Healthcare workers experienced a whopping 249% increase in injury and illness rates in 2020, and OSHA is now calling on employers in the industry to implement proactive safety and health programs to keep those workers safe.
During the COVID-19 pandemic, workers in the healthcare and social assistance industries combined suffered more injuries and illnesses than workers in any other industry in the U.S.
Now, OSHA wants healthcare employers to take immediate action to help make 2022 a less hazardous year for workers in the industry, according to a Department of Labor news release.
One good way to combat workplace injuries and illnesses is to adopt a proactive safety and health program to address hazards, endorse training and use preventive measures to keep employees safe and healthy.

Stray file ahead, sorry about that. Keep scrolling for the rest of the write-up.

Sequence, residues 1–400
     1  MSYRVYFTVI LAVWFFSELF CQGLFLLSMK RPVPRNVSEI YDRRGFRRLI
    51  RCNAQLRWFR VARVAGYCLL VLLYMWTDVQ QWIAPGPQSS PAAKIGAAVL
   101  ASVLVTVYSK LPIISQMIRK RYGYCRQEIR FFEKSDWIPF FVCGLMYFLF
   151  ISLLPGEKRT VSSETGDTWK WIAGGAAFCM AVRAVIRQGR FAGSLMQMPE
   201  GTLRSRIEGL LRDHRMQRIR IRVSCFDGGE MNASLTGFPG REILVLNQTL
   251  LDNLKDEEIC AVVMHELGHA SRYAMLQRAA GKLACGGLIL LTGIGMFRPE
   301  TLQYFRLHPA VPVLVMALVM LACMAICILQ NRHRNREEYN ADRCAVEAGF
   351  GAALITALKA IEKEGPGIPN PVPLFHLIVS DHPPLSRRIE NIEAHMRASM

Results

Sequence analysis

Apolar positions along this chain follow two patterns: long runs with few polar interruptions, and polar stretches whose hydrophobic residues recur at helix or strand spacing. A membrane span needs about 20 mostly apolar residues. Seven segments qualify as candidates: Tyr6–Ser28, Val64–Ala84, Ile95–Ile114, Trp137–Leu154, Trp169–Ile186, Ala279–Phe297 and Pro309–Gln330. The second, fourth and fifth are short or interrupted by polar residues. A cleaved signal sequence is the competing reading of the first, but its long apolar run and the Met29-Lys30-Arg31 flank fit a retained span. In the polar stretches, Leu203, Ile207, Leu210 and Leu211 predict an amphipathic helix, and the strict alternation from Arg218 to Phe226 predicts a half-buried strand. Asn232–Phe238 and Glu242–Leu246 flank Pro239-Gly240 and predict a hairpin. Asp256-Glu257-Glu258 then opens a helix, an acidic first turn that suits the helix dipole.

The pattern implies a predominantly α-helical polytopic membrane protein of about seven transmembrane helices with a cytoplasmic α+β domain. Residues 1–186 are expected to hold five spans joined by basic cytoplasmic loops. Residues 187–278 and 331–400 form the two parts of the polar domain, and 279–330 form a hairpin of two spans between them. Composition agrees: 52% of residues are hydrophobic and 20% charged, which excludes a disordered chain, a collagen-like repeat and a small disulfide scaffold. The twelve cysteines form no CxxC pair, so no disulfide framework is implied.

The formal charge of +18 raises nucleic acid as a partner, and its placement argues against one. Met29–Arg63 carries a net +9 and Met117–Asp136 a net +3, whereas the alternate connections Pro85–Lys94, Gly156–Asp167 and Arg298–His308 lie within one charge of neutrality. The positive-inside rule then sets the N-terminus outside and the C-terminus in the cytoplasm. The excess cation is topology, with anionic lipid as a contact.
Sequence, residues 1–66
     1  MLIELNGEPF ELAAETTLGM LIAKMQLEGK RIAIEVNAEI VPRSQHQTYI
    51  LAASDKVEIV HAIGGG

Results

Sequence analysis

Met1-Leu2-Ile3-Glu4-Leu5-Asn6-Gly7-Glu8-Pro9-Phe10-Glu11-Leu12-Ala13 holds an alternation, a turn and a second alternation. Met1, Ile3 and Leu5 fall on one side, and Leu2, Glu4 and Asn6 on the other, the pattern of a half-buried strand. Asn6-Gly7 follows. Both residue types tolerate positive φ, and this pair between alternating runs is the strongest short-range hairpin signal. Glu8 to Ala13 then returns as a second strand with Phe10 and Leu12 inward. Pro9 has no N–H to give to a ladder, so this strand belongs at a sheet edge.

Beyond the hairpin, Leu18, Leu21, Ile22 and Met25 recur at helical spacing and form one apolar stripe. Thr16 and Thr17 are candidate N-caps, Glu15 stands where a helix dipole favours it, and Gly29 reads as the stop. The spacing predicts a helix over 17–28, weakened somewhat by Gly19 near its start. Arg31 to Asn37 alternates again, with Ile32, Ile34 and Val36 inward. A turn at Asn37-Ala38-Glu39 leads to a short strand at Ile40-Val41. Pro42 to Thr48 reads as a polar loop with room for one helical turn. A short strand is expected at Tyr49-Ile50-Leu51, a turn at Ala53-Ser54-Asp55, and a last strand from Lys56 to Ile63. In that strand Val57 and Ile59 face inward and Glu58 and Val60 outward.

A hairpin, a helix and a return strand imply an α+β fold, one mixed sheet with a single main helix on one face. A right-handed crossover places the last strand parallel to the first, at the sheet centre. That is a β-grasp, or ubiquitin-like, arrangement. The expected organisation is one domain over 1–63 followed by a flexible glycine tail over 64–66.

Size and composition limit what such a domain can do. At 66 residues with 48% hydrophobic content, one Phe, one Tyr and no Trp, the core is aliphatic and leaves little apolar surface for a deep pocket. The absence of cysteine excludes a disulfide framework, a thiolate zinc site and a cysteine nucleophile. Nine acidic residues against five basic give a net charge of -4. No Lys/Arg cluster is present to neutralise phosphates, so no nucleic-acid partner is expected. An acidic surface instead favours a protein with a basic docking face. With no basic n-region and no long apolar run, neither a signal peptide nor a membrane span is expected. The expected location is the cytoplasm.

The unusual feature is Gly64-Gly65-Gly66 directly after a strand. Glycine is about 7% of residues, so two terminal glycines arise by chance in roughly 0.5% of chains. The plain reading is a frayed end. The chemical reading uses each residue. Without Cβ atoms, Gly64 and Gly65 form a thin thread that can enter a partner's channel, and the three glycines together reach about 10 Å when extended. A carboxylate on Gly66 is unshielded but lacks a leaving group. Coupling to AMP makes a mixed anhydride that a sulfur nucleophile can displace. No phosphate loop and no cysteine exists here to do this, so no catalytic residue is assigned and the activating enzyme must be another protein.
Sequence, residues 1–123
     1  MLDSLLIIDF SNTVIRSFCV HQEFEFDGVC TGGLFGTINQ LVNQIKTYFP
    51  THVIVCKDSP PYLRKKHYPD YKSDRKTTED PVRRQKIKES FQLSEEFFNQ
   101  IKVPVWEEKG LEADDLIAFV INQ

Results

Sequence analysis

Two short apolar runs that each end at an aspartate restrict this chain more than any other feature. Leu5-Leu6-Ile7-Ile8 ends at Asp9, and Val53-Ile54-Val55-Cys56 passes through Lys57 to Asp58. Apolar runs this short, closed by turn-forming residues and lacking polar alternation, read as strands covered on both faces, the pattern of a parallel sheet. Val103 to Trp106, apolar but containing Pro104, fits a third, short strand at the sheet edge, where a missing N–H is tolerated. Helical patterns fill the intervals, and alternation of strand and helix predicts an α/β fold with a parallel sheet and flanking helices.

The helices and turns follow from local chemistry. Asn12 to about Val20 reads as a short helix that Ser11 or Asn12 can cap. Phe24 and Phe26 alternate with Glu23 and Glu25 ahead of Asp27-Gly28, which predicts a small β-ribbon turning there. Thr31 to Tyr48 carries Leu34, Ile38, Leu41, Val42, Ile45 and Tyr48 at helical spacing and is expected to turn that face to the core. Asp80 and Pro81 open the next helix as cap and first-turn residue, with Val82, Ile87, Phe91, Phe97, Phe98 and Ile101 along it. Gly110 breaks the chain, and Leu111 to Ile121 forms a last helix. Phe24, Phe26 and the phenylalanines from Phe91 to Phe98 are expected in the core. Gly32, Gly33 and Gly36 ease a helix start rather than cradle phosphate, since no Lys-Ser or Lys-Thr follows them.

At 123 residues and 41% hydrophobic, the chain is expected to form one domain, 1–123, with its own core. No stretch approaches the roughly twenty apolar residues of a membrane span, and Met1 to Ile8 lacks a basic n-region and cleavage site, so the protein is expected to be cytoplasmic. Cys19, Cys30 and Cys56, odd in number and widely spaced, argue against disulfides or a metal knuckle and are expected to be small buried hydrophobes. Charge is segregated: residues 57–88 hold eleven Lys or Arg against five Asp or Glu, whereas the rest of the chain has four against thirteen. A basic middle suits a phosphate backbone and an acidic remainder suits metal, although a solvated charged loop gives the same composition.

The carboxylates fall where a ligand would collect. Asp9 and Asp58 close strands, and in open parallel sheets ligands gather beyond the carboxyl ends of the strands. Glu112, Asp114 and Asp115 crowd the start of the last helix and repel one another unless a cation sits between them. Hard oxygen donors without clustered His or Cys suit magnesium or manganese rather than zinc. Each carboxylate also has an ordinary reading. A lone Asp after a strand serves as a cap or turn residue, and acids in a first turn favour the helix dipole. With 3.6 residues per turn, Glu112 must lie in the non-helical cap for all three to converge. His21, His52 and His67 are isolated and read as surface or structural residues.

KS hospital shining example
An example of how effective such a program can be is Community Hospital Onaga, a Kansas-based facility that’s part of the Community HealthCare System’s nonprofit healthcare system.
The hospital contacted OSHA’s On-Site Consultation Program about enhancing workplace safety in 2000.
Following visits from program staff, the hospital corrected all hazards inspectors identified and then continued to improve its safety and health programs.
SHARP status renewed 8 times
By December 2002, OSHA awarded the facility Safety and Health Achievement Recognition Program (SHARP) status, and the hospital has since kept its injury-and-illness rates below the industry average.
The facility’s SHARP status has been renewed eight times, with its most recent achievement having occurred in June 2021.
“As COVID-19 spread, Community HealthCare System implemented a plan to protect employees and clients,” OSHA’s acting Regional Administrator Ryan Hodge said. “Other healthcare systems can follow their model by encouraging a mindset that anticipates and addresses hazards before they cause harm.”